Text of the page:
|Snow turns into water as the sun beats down on it in upper Gordon Creek, which is part of the Upper Colorado River drainage basin. Water appropriation problems plague much of the West including Utah.|
A meeting to discuss current water rights issues of the Upper Colorado River Basin occurred at the PRWID office on April 20.
Four meetings were scheduled to discuss the water rights issues in Price, Moab, Vernal and Loa.
Jerry Olds, the state engineer, discussed some improvements that needed to be made to the appropriation and distribution of water coming from the Colorado River Basin to Utah.
Olds discussed the current management guidelines and applications for water rights in Utah.
In the 1800s, the principal was established that those who made beneficial use of water first would be allowed to continue use with preference over others who came later. This was later sanctioned and became the Doctrine of Prior Appropriation, which means that those with the earliest priority dates that have continuously used the water have preference over those with later priority dates.
Rights for water use filed over 100 years ago can still be claimed according to statute by filing a water users claim to the State Engineer. Olds contends that if they haven't developed a beneficial use for the water in this amount of time without a diligent effort, the state needs to skip over them and let a more recent application try.
Utah's entitlement to Upper Colorado River Basin water is 23 percent, which is just about 1.4 million acrefeet a year. Current appropriation of water is agriculture and stock 591.4 thousand acrefeet, municipal and domestic 25.3 thousand acrefeet, power and industrial 44.6 thousand acrefeet, exports and imports 206.9 thousand acrefeet, reservoir evaporation 19.3 thousand acrefeet, and evaporation mainstream 120 thousand acre feet. This is just over one million acre feet that is actually being depleted, leaving a considerable 360,000 acre feet unused that Utah users are entitled to.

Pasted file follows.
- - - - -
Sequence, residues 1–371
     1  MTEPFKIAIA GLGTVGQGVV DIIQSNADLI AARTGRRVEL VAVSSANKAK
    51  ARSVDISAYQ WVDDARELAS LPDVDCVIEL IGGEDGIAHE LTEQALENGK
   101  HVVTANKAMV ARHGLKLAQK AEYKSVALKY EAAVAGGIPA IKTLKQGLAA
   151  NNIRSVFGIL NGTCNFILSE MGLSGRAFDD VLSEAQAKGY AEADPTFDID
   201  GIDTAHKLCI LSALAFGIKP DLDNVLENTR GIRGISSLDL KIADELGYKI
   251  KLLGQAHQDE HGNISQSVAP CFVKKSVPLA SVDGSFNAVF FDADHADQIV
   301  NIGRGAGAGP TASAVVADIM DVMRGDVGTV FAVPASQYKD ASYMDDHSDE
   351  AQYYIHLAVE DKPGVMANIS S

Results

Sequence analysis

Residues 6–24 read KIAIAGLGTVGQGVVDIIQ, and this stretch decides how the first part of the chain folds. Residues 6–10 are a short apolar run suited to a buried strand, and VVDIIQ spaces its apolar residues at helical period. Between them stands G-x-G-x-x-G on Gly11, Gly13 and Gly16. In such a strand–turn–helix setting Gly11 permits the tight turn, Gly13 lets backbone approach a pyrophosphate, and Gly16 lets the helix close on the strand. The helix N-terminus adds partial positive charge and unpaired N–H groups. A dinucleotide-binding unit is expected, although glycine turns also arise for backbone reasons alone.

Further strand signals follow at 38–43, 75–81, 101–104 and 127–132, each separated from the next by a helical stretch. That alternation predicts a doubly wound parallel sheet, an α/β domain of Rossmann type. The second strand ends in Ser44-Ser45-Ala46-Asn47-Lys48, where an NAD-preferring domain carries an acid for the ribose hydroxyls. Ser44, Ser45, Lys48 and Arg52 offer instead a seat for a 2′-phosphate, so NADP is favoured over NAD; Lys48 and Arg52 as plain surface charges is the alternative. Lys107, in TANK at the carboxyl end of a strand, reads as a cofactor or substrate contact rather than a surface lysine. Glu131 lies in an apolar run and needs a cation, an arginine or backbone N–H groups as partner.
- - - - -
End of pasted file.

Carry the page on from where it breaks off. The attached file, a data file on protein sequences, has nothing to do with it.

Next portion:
Over 1400 letters to unapproved applications from over 50 years ago were sent out to see if they still had interest in gaining water rights. Only 55 percent responded back to the letters, and three out of four of them said they still were interested. The 45 percent that did not respond are thought to either have moved or are deceased. Further attempts at contact are being done.
Olds says, however, that water rights are only over appropriated on paper, and that the 360,000 acre feet is still being unused. He said that there is no chance of having the water rights taken away, in other words in a use it or lose it scenario, but said that it can be used in a beneficial way by someone.
Olds believes that the current policy is outdated and wanted to open a public dialog on the matter. He said he wants to know where the departmetn should go on the matter, and if they should skip over the applications that are over 50 years old that are undeveloped and then give newer applicants a try at developing a beneficial use for the water.
A comment period of 60 days is being given for anyone who has an opinion on the matter. Further meetings on the matter will be held, but no dates are set for these as of yet.
"Our problems cannot be solved with the same level of thinking that created them," said Olds in quoting Albert Einstein to end the meeting.